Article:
As an example, 50 % of the population projections for Wrexham are based on in migration trends. The remaining 50% are calculated on a ratio between birth and death rates, although issues such as affordability are not taken into account.

The projections take a ‘snap shot’ of previous years growth and use this base to predict what levels of growth will be in future years. A flaw in this methodology is that growth is not based on local need, a period of extremely high growth and in migration can heavily skew the figures. This subsequently puts a demand on a local authority to plan for unnaturally high levels of development in their Local Development Plans.

As an example, reports looking at housing growth in Wrexham have established that the authority has provided an over provision of housing and therefore encouraged further in migration into the county. In other words, rather than providing for local need and natural migration, the use of these figures has resulted in the creation of a housing market and un natural planned demographic change.

The in migration rate in Wrexham between 1991 and 2008 was three and a half times the Welsh average, and house prices rose by a staggering 60% between July 2004 and July 2008. Wrexham’s current LDP makes the following statement about local opinion regarding these changes:

“ Local communities largely in the Western Villages and Wrexham perceive that their local distinctiveness, community identity and community pride have been detrimentally affected by development.”


The cost of preparing the initial sub-regional studies and West Cheshire plan were covered by the participating local Authorities, it is unknown at this stage to what extent the WAG have contributed financially to this process. Participating local authorities also make a financial contribution for their membership of the Mersey Dee Alliance.

In addition to the use of this public money ,it is also believed that monies given to Wales via WEFO have also been used in line with cross border aims identified in both the sub-regional strategy and Wales Spatial Plan, we are yet to learn to what extent.


There has been no consultation what so ever with the people of North East Wales about the adoption of the West Cheshire sub-regional strategy or about the three Welsh authorities involved becoming part of the new ‘sub- region. The only consultation to have taken place has been with ‘key stakeholders’.


There are many documents listing in detail the aims and objectives of the West Cheshire sub-regional strategy and also the general ‘vision’ the Assembly has for North East Wales. In this conclusion we aim to outline what the effects of this vision have been in reality and the direct impact they have had on the local population in the North East. We feel justified to make these observations both due to various public documents confirming the situation and also as local people who are living through this process.


One of the central issues in terms of negative impact is that of housing and the use of population projections to calculate future provision. During the period these figures have been used we have seen dramatic changes to both our landscape, our communities and our identity. We acknowledge that this process has been on going for many years prior to the adoption of the West Cheshire plan and view the strategy itself as the culmination of a succession of discriminatory policy. The strategy is significant in that it outlines in black and white a process of social engineering that has, over the years, become the ‘norm’ and part of our planning process.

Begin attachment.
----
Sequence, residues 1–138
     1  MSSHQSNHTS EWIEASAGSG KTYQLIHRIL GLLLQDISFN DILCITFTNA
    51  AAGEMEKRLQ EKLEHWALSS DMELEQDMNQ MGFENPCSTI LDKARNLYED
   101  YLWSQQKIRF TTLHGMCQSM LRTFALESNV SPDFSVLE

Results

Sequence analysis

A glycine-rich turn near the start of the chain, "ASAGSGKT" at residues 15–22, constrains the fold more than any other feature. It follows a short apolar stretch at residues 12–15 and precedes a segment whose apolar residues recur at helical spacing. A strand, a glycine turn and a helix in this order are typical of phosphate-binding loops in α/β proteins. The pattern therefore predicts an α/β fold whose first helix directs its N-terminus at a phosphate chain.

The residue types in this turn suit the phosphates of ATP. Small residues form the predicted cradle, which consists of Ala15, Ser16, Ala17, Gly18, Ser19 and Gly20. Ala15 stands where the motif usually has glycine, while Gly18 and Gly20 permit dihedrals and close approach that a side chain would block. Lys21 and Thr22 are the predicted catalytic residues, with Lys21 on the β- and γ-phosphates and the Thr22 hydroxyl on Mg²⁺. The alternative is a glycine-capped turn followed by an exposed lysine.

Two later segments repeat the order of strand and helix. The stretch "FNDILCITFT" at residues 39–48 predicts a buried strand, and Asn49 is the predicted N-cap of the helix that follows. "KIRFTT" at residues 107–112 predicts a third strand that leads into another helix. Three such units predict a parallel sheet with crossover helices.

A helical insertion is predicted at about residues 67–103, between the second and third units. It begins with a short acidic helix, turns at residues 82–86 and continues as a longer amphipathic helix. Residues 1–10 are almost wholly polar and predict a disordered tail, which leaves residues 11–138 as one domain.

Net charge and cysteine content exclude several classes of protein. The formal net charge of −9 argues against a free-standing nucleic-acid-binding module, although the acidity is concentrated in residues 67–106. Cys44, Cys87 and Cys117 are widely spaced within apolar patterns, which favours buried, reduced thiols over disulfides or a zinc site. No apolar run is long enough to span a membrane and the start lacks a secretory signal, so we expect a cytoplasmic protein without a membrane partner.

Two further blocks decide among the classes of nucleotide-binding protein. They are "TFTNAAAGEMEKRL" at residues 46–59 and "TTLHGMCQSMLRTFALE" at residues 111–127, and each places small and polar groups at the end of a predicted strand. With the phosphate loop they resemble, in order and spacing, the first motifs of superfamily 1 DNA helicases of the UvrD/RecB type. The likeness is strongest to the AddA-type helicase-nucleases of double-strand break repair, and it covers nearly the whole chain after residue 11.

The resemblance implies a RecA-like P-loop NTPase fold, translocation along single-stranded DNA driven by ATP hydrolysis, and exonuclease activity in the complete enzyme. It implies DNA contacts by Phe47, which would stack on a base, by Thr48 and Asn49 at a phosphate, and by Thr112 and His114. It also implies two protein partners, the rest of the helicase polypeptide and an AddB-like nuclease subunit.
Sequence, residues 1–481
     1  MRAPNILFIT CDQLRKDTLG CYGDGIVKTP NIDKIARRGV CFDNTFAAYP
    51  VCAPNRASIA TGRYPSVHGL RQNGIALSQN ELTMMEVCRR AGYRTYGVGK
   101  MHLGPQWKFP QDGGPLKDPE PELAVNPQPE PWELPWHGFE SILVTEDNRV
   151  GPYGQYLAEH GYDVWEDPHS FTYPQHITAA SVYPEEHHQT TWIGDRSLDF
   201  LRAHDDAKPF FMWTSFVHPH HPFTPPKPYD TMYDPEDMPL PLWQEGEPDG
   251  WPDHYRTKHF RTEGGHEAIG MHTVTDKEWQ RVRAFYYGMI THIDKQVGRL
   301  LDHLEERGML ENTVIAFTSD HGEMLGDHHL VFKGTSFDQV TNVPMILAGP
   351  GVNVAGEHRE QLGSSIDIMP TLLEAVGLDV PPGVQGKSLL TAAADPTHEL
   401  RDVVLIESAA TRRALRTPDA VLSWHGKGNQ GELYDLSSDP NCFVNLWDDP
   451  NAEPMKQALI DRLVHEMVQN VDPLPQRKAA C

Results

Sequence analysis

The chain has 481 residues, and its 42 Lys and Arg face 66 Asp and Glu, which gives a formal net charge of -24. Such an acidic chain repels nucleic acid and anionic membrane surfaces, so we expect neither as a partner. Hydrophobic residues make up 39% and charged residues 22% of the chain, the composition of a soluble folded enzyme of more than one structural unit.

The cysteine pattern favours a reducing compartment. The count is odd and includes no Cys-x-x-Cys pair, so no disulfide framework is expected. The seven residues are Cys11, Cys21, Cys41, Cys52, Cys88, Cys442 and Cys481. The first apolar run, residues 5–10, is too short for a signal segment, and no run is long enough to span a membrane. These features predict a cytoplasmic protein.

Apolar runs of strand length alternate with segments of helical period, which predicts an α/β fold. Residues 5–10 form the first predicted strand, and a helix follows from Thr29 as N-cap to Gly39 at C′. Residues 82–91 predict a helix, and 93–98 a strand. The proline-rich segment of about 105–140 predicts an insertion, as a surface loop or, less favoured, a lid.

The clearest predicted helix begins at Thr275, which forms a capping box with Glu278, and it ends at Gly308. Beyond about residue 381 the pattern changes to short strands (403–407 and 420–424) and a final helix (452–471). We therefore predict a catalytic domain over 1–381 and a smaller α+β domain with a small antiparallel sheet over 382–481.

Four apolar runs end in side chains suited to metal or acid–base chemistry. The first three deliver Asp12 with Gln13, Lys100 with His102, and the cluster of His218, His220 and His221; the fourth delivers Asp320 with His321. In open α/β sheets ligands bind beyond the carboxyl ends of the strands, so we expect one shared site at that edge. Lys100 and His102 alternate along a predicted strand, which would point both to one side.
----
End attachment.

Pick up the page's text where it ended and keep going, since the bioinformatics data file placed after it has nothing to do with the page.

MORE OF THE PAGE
We have endeavoured to find research into the wide ranging social effects of employing such a policy but to date have found none. The un naturally high levels of in migration are acknowledged in several public documents but apart from the observed house price rises, other effects have not been monitored.

To again use Wrexham as an example, over 6000 houses have been built in the county since 1996, a further 3000 are either under construction or have valid planning permission. An extremely small percentage of these have been affordable for local people, a total of 64 units or 1% of the over all figures. The vast majority of local people cannot afford to purchase general market housing. Where a large concentration of houses have been built, the local communities in those areas have been told the development is for the purpose of ‘regeneration’. In reality regeneration has meant re population, with the existing community experiencing no benefit at all.

Inevitably the houses have, in the main, been purchased by those moving into the area with a financial advantage over the local population. The impact of this demographic change has been a dramatic increase in house prices in the local area. Additionally, many of those moving in are commuters, who very often spend the majority of both their working and leisure time in the North West of England. The effect of this change is a breakdown of community cohesion, with the numbers moving in being so large there is no opportunity for integration and instead the community splits. There is also a very tangible change to the identity of these villages, with welsh identity and language being continually eroded purely due to development. Even markers such as local accent are disappearing.